Publicly funded beaver management key to resolving tension between conservation and land management

Press Release

Establishing an effective and well-resourced management framework for beavers in Scotland should be the shared goal for government, conservation and land management interests, Scottish Land & Estates said today.

The rural business organisation made the comments following publication of the latest beaver survey by NatureScot, which confirmed the number of beavers has more than doubled in Scotland in the last three years to around 1000 animals.

Karen Ramoo, Policy Adviser (Forestry, Conservation & Wildlife Management) at Scottish Land & Estates, said:

“This survey confirms the continuing growth of the beaver population in Scotland. In broad terms, beaver numbers appear to have more than doubled in the period since the last survey with an increase from 114 to 251 territories.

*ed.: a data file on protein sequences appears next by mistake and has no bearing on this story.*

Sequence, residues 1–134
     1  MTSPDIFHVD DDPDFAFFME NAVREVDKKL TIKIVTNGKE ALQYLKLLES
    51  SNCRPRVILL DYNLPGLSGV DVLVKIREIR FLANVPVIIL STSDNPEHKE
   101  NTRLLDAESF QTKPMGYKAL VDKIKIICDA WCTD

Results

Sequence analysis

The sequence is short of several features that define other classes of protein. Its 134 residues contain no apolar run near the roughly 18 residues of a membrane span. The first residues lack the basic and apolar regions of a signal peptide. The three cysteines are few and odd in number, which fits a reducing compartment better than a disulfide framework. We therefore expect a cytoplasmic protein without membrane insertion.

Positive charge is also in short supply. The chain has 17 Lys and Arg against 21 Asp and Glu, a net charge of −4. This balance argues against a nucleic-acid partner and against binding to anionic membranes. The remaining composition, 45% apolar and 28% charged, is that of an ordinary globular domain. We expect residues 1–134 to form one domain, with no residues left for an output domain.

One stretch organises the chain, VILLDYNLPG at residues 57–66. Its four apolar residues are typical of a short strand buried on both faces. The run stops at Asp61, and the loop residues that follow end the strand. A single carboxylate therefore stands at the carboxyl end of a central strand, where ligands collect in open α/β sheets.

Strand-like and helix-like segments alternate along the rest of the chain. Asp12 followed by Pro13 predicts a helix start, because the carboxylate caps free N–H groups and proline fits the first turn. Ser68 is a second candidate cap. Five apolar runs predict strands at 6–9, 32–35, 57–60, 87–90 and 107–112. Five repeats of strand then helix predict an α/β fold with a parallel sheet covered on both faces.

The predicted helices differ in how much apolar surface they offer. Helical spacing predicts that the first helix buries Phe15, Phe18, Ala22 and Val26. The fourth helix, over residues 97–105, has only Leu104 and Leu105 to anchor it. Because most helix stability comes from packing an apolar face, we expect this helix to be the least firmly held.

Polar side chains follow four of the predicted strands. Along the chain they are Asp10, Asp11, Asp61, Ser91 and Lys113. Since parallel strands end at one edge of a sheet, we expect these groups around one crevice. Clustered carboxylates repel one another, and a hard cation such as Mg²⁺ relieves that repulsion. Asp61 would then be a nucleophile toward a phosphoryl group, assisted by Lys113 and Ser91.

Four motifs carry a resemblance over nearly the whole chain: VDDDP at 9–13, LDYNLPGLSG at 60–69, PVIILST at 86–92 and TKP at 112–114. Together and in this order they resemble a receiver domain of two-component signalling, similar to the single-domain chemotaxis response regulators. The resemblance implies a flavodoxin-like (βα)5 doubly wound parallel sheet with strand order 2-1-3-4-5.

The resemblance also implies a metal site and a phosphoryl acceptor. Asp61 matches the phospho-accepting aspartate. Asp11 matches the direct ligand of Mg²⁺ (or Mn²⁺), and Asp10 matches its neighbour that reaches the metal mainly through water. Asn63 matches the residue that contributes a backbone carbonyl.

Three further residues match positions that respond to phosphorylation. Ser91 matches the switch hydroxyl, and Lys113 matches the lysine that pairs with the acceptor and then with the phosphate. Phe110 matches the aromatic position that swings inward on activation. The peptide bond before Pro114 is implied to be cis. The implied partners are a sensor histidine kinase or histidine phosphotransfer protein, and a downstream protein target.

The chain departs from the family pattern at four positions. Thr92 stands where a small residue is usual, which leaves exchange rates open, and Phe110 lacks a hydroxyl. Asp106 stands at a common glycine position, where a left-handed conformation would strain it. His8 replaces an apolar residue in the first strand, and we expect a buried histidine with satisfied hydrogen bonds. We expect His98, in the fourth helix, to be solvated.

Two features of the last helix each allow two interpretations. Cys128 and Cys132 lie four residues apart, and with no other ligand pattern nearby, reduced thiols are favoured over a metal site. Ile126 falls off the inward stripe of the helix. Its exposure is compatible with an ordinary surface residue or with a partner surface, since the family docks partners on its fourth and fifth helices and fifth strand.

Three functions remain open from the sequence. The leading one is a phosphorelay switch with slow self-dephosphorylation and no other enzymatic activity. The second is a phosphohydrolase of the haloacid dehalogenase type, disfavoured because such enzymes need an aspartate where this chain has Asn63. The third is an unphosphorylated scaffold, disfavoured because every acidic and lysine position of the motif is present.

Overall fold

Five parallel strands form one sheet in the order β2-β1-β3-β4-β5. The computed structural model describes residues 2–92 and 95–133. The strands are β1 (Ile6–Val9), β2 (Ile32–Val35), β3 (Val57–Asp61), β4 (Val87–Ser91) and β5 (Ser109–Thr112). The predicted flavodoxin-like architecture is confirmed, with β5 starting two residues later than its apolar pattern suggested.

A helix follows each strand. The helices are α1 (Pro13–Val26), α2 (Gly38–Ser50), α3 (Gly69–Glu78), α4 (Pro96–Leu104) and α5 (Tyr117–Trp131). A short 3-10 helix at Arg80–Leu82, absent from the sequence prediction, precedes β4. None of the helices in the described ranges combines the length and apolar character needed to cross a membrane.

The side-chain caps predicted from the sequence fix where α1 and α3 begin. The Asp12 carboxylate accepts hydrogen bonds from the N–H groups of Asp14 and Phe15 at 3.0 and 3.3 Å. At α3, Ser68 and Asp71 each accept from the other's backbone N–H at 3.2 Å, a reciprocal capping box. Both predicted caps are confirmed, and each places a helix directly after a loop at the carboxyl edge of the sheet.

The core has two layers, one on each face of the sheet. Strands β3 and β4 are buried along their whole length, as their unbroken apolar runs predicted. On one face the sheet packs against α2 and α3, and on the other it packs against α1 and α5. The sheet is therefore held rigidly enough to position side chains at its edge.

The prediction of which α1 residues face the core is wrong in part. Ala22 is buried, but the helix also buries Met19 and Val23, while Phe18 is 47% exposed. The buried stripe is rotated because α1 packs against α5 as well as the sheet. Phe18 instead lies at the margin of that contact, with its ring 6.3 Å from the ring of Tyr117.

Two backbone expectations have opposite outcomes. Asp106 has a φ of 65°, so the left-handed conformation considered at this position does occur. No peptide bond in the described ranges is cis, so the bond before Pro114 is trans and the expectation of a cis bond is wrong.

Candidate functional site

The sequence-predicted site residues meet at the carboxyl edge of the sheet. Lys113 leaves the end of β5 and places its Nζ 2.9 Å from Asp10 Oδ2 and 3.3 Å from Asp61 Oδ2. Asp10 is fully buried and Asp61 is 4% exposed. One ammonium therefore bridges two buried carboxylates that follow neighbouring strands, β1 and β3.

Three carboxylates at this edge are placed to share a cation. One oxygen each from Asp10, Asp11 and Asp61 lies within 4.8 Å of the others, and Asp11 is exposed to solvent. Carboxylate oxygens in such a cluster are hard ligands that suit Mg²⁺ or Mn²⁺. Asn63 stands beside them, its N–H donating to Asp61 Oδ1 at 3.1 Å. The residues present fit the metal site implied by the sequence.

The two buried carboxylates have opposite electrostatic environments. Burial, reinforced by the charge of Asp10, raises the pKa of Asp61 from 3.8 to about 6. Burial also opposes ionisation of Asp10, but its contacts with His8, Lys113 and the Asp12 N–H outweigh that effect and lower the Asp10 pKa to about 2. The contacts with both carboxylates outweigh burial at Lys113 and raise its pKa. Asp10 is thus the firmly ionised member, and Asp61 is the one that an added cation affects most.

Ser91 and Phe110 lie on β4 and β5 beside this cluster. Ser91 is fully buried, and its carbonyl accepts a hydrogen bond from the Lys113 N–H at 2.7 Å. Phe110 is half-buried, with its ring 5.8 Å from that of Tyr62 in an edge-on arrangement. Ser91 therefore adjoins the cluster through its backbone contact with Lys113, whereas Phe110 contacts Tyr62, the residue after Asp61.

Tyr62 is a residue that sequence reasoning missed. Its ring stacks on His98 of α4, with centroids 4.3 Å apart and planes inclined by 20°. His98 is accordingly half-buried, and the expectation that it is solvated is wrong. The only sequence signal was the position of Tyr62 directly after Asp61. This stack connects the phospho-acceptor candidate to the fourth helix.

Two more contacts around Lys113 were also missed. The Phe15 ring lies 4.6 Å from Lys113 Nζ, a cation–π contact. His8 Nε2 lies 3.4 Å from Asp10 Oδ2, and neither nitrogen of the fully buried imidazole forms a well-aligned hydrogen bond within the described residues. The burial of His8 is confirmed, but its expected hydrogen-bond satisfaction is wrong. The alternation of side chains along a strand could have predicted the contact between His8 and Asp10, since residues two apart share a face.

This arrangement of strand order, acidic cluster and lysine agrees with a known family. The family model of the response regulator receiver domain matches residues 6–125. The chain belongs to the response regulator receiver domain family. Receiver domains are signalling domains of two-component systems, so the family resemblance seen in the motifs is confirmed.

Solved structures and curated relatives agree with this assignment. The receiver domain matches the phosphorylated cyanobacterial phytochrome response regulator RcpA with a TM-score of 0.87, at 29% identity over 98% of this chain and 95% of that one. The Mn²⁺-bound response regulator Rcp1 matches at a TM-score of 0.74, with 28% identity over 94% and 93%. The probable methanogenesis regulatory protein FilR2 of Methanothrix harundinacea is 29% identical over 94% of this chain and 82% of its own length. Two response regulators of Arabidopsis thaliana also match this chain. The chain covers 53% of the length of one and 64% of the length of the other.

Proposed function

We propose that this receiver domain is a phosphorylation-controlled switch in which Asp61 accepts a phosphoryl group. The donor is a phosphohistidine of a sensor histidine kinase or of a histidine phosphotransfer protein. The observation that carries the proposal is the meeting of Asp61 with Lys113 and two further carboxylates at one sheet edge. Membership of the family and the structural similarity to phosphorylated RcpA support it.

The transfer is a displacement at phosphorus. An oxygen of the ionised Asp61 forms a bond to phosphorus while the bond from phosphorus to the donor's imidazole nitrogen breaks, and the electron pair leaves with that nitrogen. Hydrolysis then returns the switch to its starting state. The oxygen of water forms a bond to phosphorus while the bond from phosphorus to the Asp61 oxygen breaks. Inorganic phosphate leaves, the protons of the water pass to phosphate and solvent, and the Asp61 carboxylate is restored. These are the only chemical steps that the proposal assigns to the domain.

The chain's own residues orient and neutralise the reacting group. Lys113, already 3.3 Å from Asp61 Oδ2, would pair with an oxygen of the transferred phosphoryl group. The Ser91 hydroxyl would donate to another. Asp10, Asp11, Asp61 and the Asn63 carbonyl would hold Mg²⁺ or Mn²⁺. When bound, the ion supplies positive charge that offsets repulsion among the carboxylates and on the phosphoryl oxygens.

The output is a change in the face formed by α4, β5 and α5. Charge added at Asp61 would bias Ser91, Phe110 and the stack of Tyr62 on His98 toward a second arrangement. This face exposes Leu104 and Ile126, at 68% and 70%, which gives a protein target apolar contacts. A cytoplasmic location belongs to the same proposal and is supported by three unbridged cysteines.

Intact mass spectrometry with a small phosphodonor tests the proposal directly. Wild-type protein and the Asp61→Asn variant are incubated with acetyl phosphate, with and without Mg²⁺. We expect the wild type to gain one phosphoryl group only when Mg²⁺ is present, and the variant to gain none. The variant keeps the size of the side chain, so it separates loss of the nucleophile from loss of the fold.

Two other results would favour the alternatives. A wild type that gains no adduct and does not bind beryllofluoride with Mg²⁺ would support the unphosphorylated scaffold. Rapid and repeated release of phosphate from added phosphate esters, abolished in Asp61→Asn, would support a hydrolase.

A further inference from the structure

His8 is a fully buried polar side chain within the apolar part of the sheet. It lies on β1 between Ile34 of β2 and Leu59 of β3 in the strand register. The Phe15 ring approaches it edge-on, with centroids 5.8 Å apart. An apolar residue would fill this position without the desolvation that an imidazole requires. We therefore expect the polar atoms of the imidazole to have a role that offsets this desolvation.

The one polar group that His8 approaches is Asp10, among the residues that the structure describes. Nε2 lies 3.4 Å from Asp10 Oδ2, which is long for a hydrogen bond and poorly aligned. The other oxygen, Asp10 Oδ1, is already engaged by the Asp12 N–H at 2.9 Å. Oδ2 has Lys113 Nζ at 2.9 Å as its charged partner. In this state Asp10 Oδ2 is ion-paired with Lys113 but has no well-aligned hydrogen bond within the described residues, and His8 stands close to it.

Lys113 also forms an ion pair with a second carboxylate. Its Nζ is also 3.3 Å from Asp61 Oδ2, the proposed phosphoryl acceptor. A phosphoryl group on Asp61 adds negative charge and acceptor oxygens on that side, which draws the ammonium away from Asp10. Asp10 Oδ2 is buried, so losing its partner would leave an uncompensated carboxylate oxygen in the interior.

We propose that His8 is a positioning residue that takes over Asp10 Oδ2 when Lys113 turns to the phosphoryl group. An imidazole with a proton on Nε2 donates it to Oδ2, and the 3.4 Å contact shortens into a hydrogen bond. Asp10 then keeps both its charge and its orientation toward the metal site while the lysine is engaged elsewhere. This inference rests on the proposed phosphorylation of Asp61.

“There are conservation benefits to the reintroduction of beavers, including the creation of wetlands, improved habitat structure and diversity as well enhanced biodiversity. The strong beaver population confirmed in this survey will aid those outcomes. 

“However, the growing number of beavers in Scotland also confirms the urgent need for government and NatureScot to establish and resource adequate mitigation measures where they are having a detrimental impact.  

“There is a shared desire to minimise the number of beavers culled under licence but this can only be achieved where publicly funded mitigation measures are available to farmers, land and fisheries managers who suffer damage to their businesses. These businesses should not be left to bear the cost of resolving the tension between conservation and land management. The decision to give beavers protected status was accepted by all stakeholders when it was announced and we want to work in partnership with others to implement an effective management framework for years to come.”